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What is a Home Equity Line and Should I Have One as I Near Retirement? Thumbnail

What is a Home Equity Line and Should I Have One as I Near Retirement?

The feeling of having a home equity line is a lot like owning an RV.  Many don’t know why they bought it, are not using it, and are paying unnecessary costs. Others, however, are using it at the right time and swear that having one is well worth the hassle.  A home equity line is a variable rate loan that can be used for a variety of purposes, whether as a fall back to an emergency fund or for more strategic purposes.  We will review the mechanics of the home equity line of credit (“HELOC”), when to utilize it, and words of caution. 

How do Home Equity Lines of Credit Operate? 

With a HELOC, you establish a line – access to credit -- similar to a credit card.  In the case of a home equity line, when you draw on the line, i.e., you take out a loan using the equity of your home -- your home serves as collateral similar to a mortgage.  The borrower can generally draw on the line up to a certain dollar amount, limited to the lesser of the debt to equity limits or to a hard dollar cap.  The interest rate is usually variable, and the payment terms are generally interest only during the draw period (typically ten years).  The initial rate is generally lower than your typical mortgage, but such rate can later increase to a rate that is well above a mortgage where the rate was locked in for several years.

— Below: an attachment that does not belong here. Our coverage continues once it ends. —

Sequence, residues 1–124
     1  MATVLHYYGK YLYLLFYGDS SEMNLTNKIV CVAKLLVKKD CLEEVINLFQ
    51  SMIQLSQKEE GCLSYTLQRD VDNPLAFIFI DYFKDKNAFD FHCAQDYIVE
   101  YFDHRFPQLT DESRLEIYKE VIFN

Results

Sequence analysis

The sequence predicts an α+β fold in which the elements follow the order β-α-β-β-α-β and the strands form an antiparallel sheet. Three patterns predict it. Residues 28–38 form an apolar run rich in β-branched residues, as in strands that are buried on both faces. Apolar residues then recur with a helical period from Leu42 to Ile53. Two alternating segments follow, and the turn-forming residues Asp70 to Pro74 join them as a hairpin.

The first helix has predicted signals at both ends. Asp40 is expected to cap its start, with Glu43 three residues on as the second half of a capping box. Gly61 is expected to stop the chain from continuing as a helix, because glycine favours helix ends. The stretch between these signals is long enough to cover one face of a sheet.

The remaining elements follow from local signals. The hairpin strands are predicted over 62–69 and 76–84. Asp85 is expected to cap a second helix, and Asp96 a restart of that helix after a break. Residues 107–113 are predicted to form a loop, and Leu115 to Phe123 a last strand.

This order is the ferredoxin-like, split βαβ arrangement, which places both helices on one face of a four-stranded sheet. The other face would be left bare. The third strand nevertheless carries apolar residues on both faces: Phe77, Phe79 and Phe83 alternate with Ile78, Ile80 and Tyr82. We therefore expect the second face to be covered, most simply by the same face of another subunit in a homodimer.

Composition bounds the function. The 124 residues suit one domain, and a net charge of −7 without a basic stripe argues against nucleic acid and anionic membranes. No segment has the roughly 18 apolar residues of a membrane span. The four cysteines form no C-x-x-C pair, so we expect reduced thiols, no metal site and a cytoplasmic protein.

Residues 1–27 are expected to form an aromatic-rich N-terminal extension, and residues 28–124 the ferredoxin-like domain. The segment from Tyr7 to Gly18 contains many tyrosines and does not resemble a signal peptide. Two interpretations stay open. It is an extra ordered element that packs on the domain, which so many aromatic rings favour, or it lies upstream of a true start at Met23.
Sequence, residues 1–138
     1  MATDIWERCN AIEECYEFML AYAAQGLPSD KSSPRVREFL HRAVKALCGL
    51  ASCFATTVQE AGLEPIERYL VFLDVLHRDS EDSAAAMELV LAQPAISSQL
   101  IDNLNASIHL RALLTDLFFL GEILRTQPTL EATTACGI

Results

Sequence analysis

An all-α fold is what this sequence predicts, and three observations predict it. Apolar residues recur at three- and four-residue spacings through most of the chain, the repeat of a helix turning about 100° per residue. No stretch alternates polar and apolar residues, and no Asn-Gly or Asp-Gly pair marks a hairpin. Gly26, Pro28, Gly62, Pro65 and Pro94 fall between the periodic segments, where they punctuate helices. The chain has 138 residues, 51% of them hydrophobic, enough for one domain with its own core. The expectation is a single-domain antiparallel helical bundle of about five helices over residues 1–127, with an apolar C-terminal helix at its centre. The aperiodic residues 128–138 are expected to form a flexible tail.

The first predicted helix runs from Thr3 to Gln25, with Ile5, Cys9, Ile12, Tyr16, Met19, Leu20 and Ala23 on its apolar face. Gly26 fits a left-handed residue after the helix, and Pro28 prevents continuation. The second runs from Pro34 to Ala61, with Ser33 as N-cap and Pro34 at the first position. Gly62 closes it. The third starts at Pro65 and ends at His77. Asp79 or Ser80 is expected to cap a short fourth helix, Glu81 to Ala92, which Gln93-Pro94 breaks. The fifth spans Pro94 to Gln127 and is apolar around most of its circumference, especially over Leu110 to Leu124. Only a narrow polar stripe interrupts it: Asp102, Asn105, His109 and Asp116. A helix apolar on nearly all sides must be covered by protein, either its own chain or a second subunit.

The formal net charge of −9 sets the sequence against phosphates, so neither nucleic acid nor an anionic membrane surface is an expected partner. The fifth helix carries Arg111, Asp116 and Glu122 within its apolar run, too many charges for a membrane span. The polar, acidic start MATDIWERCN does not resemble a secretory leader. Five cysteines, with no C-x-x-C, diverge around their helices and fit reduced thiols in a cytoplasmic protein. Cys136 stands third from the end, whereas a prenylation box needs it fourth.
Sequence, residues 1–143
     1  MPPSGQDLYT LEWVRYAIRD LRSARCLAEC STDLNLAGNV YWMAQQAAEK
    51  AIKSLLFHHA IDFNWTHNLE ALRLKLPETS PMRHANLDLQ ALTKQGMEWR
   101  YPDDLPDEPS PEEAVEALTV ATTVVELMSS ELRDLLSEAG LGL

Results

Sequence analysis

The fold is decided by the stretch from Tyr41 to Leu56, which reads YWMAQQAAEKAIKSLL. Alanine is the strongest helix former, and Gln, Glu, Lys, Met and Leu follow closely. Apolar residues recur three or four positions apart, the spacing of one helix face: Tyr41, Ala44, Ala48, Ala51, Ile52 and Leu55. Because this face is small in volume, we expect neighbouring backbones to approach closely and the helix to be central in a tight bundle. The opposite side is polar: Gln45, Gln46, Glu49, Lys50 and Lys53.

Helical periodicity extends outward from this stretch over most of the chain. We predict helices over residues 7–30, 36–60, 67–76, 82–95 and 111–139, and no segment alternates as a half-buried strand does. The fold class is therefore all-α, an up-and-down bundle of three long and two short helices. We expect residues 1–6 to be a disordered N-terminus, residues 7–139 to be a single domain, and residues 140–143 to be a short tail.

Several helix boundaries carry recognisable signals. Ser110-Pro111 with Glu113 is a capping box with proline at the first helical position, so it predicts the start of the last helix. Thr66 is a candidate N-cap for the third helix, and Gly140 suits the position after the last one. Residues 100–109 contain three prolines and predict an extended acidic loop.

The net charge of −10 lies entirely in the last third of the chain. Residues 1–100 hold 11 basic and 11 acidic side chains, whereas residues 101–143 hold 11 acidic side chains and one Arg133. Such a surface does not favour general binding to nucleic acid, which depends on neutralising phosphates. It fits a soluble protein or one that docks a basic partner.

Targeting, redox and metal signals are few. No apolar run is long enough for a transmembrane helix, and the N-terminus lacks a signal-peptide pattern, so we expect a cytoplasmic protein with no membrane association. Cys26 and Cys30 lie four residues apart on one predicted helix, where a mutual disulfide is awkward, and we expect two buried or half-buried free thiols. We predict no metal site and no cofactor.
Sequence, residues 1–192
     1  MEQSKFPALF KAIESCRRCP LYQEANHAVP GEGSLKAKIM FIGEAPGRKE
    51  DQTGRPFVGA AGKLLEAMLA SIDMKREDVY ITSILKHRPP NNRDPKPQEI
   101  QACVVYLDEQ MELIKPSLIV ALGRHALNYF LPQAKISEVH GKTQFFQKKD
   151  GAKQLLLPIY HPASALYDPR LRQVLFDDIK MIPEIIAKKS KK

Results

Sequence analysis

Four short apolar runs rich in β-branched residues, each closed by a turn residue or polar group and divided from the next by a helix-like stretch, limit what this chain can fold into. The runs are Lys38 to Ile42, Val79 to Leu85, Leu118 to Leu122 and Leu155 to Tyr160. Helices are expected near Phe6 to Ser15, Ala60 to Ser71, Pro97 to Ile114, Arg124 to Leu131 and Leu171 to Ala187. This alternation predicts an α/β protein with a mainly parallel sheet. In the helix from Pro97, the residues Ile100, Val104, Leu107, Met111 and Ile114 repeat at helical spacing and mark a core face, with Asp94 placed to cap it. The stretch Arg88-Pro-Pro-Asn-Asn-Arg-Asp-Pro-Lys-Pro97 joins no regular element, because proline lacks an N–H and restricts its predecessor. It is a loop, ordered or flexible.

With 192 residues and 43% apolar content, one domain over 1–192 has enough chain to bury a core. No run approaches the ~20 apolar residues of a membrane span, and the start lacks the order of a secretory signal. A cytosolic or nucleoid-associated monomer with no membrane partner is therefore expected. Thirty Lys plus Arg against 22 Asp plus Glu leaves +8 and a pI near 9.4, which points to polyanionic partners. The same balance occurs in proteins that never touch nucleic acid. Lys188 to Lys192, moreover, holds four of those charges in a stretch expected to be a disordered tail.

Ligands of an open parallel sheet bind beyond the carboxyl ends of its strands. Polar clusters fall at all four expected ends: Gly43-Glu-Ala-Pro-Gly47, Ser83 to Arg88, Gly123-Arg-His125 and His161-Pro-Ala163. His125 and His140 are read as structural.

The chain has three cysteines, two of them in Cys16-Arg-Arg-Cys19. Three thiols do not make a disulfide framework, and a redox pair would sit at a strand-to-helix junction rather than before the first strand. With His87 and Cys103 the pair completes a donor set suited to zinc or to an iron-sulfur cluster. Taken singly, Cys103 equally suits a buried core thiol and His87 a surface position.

There are other nuances of the HELOC, including credit score, caps, and costs involved.  You will need a good credit score to qualify – typically, most lenders require a score of 680 or higher.   

As mentioned earlier, the maximum that a borrower can take out on a home equity line is generally the lesser of a debt to equity ratio or a dollar cap amount. The total debt to equity in your home (including your mortgage) is often limited to 80%.  The cap varies by institution, generally ranging from $100,000 on up to $500,000, depending on the lending institution, the credit score, the debt to equity, and other factors.  The vast majority of lenders seem to have a cap of $250,000 or less so you will need to do some shopping if you want a higher cap.  

Moreover, you will need income to qualify since lenders also look to the debt-to-income ratio (“DTI”) even for home equity lines.  Your DTI is the total amount of your debt payments divided by your monthly income.  Generally, you need to be at 43% or lower DTI to qualify for funding.  For those that are nearing retirement, it may be especially beneficial to apply for a home equity line before your stable salary goes away.  While there are various ways to “create income” to qualify for a HELOC during retirement, these various ways to qualify are often disadvantageous and counter to the particular reason you are seeking a HELOC, e.g., tax planning.